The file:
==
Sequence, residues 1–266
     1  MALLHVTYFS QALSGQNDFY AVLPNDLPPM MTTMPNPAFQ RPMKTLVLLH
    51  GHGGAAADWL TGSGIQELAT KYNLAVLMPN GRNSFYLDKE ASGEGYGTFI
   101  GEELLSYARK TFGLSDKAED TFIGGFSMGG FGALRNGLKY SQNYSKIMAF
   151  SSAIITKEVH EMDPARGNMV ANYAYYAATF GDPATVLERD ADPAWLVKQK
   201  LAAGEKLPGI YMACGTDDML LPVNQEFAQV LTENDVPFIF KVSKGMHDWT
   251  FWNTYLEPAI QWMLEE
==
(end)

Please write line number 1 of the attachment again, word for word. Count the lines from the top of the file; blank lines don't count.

Sequence, residues 1–266